When I was younger and read this book, my mind was filled with so much hope and anticipation of the amazing places that I would discover once I got older. The whimsical motivation from the Doctor himself urging me to explore the world around me gave me the hope that I would do exactly that.
I find myself staring at the now taunting book cover of the story I once wanted to live by, with a sense of sadness and disappointment. The encouraging words I read in another time of my life, now cluttered my mind with an overwhelming feeling of regret. Reminiscing can be fun, but sometimes forces you to face a truth you once forgot. A couple of months ago an old colleague of mine decided to travel to East Asia for 6 months for the simple reasoning of, why not? She posted her Tumblr on Facebook chronicling her journey and I immediately got lost in the amazing simplicity of what life is like on the other side of the world.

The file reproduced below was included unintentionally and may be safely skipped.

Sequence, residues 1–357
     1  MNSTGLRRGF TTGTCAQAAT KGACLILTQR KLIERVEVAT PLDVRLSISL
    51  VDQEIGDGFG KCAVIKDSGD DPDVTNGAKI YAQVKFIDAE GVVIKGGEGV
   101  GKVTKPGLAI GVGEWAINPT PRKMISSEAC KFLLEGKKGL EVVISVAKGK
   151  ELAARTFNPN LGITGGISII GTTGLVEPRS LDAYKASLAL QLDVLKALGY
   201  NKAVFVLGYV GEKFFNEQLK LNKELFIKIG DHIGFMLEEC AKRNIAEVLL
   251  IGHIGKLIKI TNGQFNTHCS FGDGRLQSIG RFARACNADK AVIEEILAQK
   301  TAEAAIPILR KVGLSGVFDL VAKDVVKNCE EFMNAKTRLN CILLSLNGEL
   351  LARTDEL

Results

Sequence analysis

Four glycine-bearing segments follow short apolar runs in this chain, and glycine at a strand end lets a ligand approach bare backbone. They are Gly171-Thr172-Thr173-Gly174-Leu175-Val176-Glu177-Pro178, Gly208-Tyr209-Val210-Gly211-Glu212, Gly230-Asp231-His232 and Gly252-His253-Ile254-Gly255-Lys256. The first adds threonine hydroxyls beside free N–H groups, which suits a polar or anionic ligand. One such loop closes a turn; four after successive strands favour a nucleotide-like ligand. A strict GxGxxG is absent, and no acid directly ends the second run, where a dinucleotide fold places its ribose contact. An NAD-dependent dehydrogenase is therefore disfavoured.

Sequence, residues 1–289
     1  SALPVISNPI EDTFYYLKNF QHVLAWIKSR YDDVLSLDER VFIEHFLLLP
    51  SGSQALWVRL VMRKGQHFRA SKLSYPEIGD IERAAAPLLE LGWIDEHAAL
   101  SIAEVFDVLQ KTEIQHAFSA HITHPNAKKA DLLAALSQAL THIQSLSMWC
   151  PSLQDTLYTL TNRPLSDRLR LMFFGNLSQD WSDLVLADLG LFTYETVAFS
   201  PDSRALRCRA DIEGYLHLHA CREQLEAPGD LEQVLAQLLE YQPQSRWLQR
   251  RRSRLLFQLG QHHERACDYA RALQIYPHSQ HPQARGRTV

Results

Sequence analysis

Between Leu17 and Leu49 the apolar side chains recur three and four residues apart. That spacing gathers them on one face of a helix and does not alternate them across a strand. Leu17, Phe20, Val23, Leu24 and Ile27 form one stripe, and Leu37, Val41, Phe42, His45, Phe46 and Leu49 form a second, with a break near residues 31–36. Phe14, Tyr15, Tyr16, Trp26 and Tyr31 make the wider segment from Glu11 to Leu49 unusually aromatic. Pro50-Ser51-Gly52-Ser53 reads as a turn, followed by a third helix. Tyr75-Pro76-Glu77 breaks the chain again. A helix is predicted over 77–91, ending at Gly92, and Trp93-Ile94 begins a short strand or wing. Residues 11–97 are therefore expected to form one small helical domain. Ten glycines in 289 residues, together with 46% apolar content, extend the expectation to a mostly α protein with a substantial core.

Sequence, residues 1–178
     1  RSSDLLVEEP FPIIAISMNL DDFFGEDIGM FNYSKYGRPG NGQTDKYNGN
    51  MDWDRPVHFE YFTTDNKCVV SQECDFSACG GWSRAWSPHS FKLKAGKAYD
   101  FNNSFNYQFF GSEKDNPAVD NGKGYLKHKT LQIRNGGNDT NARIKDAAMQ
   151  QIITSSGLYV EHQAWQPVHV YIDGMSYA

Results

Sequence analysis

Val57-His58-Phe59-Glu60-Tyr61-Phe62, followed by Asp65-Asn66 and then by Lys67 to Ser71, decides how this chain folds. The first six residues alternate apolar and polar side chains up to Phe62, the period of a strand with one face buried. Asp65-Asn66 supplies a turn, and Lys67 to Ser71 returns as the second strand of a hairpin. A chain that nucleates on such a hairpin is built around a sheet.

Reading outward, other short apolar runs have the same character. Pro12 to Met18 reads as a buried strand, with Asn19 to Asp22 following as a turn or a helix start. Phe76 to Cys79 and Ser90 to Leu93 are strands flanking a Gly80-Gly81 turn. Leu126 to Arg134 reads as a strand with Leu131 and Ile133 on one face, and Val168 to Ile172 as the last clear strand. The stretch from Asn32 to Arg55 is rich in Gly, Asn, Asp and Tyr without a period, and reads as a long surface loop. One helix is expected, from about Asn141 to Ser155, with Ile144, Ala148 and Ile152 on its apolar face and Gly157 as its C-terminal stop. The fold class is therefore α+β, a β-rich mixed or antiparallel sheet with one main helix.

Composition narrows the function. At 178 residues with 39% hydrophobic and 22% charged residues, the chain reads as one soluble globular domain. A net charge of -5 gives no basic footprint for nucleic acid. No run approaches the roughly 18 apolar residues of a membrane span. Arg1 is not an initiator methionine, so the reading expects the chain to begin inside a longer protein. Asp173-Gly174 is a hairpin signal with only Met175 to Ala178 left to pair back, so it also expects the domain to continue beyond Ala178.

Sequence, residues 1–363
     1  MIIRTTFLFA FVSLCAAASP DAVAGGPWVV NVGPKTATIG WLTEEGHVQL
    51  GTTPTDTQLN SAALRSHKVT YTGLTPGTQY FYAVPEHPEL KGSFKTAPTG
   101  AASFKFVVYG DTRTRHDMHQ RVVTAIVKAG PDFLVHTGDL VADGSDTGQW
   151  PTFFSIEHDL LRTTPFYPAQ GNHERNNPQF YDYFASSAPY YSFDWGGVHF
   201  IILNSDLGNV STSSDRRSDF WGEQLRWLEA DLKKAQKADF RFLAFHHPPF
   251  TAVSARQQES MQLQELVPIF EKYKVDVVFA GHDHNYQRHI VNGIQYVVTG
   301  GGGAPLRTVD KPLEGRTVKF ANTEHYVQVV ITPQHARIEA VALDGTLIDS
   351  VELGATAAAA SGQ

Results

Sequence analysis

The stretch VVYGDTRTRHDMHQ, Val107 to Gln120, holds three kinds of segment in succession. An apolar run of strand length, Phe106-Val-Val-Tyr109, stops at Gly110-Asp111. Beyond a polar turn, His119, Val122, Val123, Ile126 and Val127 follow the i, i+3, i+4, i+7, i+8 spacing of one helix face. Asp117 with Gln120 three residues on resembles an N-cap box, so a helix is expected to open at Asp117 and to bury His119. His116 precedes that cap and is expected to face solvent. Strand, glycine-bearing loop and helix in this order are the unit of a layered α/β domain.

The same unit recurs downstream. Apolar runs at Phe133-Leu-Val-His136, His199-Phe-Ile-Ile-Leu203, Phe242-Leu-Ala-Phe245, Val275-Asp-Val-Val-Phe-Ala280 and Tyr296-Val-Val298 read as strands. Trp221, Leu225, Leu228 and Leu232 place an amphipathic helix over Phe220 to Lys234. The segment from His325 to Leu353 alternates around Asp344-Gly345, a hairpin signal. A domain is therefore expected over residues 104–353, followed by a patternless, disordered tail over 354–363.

I marveled at the interesting culture, food, people, and stories -- I felt like I was there with her, hidden in her pocket the whole time, quietly observing. Half way through her trip to Thailand and my afternoon lunch I got a staggering feeling of jealousy. Was it jealousy? It had to be. I longed to go on a trip just like hers, a trip that revives and re-energizes you for whatever the second half of your adult life may bring. A trip that restores your faith in humanity and increases your thinning patience, both skills that most, (like myself) need to desperately work on. So I ask myself at that moment, why? Why not me? And the answer surprised me. There was no real reason I couldn't. I tried to come up with excuses that would justify the ludicrousness of the idea, but I just couldn't.
I'd like to tell myself that if Dr. Seuss was writing books today he would make a sequel titled, "Just stay where you are, it's not that bad". A comforting adult book that spoke to those who never made it to places they wanted to go. But alas, there is no book.